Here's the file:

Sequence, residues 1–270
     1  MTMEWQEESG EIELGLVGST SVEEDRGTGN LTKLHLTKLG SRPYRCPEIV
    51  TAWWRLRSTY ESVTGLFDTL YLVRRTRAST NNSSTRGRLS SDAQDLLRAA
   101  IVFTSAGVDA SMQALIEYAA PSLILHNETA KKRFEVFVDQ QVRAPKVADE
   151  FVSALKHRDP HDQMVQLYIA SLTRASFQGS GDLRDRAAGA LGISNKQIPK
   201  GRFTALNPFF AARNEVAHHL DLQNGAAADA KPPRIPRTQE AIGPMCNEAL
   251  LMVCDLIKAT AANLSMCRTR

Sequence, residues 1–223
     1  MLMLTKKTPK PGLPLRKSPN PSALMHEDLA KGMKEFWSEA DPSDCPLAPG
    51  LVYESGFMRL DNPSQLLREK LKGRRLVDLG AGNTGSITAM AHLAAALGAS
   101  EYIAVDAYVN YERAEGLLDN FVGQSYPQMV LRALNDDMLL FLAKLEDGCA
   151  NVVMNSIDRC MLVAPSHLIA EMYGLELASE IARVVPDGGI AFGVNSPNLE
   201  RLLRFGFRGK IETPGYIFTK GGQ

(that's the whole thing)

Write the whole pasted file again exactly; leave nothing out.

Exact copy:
Sequence, residues 1–270
     1  MTMEWQEESG EIELGLVGST SVEEDRGTGN LTKLHLTKLG SRPYRCPEIV
    51  TAWWRLRSTY ESVTGLFDTL YLVRRTRAST NNSSTRGRLS SDAQDLLRAA
   101  IVFTSAGVDA SMQALIEYAA PSLILHNETA KKRFEVFVDQ QVRAPKVADE
   151  FVSALKHRDP HDQMVQLYIA SLTRASFQGS GDLRDRAAGA LGISNKQIPK
   201  GRFTALNPFF AARNEVAHHL DLQNGAAADA KPPRIPRTQE AIGPMCNEAL
   251  LMVCDLIKAT AANLSMCRTR

Sequence, residues 1–223
     1  MLMLTKKTPK PGLPLRKSPN PSALMHEDLA KGMKEFWSEA DPSDCPLAPG
    51  LVYESGFMRL DNPSQLLREK LKGRRLVDLG AGNTGSITAM AHLAAALGAS
   101  EYIAVDAYVN YERAEGLLDN FVGQSYPQMV LRALNDDMLL FLAKLEDGCA
   151  NVVMNSIDRC MLVAPSHLIA EMYGLELASE IARVVPDGGI AFGVNSPNLE
   201  RLLRFGFRGK IETPGYIFTK GGQ